If you want to be remembered in economics, get yourself a curve. There is the Lorenz curve, the Laffer curve, the Kuznets curve and, probably the most famous, the Phillips curve. Phillips was AW Phillips, a New Zealand economist who worked in London. In 1958, he drew a curve connecting the points between inflation and unemployment. When unemployment fell, inflation rose. The Phillips curve has taken the economics profession by storm.
Sometimes people love your curve so much that it becomes law. This is what happened to Arthur Okun. He drew a curve showing the relationship between growth in inflation-adjusted gross domestic product and changes in the unemployment rate. When “real” GDP has grown sufficiently, unemployment has fallen. Okun’s colleagues in the Kennedy administration liked it so much that they called it âOkun’s Lawâ.
The problem with curves and laws in economics is that they don’t stay put. The relationship between inflation and unemployment has changed since the days of Professor Phillips. The relationship between real GDP growth and unemployment follows a different law from that in Okun’s time. We have learned a lot about these changes during this long expansion of the past decade.
Okun first. From the 1980s to the 2000s, it took about 3% of real GDP growth to keep the unemployment rate from rising. If growth were to slow, the unemployment rate would rise. The reason is that the number of people who want to work is constantly increasing. Young people graduate and look for a job. Many more women entered the workforce during most of this period. Real GDP must have grown fast enough to create jobs for all of these people.
Young people are still graduates in their twenties. But many baby boomers have started to retire, and women’s participation in the labor market has stopped increasing. Instead of increasing by 1.3% per year, the average growth of the labor force was only 0.4% per year. As a result, real GDP only had to grow half as fast to keep the unemployment rate stable. Faster growth caused it to fall.
This is what happened during the expansion. Real GDP growth averaged only 2.3% per year from 2010 to 2019, and only exceeded 3% once. The unemployment rate nonetheless fell from 9.6% to 3.7%.
The last time the unemployment rate was this low was in 1969. That year the inflation rate was 5.8%. Inflation was below 2% in the early 1960s, but started to rise once the unemployment rate fell below 5% in the middle of the decade. Falling unemployment led to higher inflation, as predicted by the Phillips curve.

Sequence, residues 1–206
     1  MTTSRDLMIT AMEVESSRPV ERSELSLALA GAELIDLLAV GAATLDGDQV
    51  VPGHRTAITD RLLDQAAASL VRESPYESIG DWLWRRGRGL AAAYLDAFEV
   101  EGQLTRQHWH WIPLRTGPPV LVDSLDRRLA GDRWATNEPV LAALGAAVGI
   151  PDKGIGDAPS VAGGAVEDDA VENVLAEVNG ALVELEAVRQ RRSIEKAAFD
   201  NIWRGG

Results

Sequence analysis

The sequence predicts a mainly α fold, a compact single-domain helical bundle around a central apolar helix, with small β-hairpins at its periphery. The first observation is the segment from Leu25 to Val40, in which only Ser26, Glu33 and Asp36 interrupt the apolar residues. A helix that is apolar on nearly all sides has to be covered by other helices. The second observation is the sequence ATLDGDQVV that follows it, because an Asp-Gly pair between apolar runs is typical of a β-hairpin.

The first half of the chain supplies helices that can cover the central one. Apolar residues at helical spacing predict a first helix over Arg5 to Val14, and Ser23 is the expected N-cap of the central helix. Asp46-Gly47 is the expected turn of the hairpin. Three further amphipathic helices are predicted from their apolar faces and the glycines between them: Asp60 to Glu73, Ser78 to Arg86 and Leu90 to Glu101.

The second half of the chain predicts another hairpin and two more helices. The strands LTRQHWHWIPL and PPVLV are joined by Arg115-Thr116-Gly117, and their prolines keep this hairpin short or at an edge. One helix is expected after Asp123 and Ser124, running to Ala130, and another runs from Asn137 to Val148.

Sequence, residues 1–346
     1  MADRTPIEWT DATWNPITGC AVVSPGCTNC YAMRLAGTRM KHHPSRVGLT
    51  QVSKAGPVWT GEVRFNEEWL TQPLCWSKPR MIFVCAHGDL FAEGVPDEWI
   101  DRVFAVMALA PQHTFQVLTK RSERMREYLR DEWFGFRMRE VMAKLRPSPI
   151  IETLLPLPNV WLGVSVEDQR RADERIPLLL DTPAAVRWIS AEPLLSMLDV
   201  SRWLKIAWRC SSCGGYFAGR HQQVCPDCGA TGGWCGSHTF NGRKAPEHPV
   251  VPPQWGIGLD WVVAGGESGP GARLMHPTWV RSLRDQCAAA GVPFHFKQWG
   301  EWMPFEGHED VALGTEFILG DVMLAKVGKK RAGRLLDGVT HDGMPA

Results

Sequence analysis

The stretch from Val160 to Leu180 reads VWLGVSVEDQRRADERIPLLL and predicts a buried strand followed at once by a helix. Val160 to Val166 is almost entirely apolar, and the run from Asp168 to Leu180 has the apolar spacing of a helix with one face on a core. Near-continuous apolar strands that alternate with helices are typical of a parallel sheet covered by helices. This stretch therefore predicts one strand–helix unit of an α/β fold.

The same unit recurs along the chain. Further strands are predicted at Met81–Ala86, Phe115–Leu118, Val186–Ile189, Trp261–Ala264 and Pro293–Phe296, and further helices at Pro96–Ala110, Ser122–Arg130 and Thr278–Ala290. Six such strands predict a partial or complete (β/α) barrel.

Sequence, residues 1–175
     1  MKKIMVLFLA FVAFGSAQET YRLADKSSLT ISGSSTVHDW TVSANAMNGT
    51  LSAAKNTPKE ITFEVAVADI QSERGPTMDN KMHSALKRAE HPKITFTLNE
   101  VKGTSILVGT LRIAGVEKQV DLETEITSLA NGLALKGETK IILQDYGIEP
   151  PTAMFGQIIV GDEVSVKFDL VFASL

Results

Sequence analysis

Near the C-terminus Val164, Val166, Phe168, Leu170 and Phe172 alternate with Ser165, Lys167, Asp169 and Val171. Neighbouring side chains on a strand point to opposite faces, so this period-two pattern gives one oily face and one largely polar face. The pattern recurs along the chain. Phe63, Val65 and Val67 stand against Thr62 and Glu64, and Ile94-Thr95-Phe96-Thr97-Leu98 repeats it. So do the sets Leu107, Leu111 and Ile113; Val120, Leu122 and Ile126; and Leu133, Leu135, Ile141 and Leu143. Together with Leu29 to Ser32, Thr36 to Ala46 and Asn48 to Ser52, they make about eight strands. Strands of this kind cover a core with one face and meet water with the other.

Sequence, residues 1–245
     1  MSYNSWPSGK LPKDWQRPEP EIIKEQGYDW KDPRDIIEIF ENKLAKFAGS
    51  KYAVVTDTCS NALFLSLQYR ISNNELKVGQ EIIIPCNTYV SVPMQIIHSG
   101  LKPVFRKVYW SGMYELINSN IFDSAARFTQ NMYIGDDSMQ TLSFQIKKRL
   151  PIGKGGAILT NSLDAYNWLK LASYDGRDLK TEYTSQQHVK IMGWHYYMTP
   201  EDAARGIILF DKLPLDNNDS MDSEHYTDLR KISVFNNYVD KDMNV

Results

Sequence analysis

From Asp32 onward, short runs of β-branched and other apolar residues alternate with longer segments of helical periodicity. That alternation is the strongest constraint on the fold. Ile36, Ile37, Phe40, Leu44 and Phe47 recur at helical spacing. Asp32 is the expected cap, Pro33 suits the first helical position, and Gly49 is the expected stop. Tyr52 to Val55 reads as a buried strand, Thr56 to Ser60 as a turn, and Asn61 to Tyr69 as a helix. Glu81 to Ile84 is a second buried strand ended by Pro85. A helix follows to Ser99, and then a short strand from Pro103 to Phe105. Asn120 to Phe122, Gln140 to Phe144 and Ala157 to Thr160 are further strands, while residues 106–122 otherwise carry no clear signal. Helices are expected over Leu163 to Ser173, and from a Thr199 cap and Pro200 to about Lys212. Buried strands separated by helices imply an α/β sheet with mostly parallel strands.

Inflation was also below 2% for much of the first half of the 20 years. So what was the inflation rate at the start of 2021, when unemployment hit 3.5% for the first time in 50 years? Only 2.2%. No problem.
The Phillips curve appears to have flattened. Unemployment is falling and inflation is rising, but only a little. Maybe not enough to make a difference in people’s lives.
We are trying to get out of the COVID recession. Once the virus is under control, we want companies to start hiring so that the unemployment rate can drop to 6.3% in January. The Federal Reserve will keep interest rates low to encourage borrowing and spending. The federal government could pass a big spending bill, to give businesses more reasons to manufacture products and hire employees. Real GDP will grow faster – hopefully much faster than the 1.5% growth needed to bring the unemployment rate down.
The cost of a low unemployment rate is a rise in inflation. But with a flat Phillips curve, this cost is quite low. We could push the unemployment rate towards the low 3s without raising inflation enough to matter. Good things happen when the unemployment rate is really low. People find work more easily. Salaries tend to increase.
Past performance is no guarantee of future results. Your mileage may vary. No animal was injured during the writing of this column. But our most recent data on real GDP growth, unemployment, and inflation indicate that we can lower the unemployment rate without raising inflation much. Maybe Okun and Phillips would approve of this post.
Contact Larry Deboer, professor of agricultural economics at purdue university, at [email protected]